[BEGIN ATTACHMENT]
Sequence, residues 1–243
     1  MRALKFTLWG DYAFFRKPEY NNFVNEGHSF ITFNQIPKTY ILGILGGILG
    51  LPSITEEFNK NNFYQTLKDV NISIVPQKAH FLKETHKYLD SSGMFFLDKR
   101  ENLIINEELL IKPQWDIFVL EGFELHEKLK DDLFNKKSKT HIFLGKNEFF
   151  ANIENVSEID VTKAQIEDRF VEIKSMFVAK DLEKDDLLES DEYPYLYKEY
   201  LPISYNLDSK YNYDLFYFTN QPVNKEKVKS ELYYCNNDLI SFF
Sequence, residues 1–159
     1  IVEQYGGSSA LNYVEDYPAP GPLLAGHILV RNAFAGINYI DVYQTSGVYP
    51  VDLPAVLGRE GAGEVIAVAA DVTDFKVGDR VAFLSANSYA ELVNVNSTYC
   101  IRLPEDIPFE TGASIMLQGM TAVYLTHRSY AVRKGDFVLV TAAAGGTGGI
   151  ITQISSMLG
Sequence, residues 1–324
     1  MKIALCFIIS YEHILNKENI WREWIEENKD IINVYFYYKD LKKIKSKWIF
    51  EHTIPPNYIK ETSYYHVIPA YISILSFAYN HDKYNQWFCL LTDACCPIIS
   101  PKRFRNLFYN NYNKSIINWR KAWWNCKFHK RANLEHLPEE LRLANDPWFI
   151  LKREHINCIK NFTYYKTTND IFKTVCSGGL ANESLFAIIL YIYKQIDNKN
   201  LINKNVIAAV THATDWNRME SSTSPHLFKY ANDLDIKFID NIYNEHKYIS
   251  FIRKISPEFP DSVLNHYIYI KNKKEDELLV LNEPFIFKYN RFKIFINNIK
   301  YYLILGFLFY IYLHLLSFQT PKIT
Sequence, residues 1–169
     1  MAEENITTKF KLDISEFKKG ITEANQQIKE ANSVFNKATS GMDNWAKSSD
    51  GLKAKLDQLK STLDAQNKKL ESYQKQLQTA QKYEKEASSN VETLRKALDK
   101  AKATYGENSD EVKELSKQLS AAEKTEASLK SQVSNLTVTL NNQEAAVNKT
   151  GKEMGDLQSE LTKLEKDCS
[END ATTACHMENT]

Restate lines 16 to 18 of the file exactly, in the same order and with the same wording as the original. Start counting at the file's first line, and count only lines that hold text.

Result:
   151  LKREHINCIK NFTYYKTTND IFKTVCSGGL ANESLFAIIL YIYKQIDNKN
   201  LINKNVIAAV THATDWNRME SSTSPHLFKY ANDLDIKFID NIYNEHKYIS
   251  FIRKISPEFP DSVLNHYIYI KNKKEDELLV LNEPFIFKYN RFKIFINNIK